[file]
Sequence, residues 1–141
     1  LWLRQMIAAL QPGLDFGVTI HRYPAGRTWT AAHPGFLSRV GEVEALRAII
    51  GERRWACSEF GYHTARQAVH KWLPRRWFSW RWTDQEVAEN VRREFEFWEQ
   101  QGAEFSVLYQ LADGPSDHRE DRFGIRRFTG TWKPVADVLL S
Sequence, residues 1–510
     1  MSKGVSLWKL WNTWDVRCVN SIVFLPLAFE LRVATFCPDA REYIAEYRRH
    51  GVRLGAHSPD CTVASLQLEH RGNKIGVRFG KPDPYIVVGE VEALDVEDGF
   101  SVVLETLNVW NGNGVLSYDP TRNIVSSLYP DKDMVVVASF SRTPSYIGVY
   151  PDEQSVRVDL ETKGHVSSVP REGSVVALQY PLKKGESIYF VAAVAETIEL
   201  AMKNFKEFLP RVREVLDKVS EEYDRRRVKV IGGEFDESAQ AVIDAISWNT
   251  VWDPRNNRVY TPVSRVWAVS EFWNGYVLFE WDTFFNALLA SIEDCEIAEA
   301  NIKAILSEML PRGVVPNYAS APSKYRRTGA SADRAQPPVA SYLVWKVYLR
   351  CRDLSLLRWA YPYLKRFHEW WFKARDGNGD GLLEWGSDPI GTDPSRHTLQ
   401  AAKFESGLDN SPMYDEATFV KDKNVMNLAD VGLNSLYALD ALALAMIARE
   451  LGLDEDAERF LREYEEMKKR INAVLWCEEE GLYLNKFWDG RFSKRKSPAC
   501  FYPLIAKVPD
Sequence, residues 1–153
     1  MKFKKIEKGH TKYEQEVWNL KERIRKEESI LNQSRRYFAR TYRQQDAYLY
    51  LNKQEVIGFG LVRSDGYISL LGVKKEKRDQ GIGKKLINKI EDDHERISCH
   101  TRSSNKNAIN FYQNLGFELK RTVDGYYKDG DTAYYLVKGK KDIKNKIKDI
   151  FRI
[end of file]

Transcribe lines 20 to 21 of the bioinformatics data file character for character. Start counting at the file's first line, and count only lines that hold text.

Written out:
   101  TRSSNKNAIN FYQNLGFELK RTVDGYYKDG DTAYYLVKGK KDIKNKIKDI
   151  FRI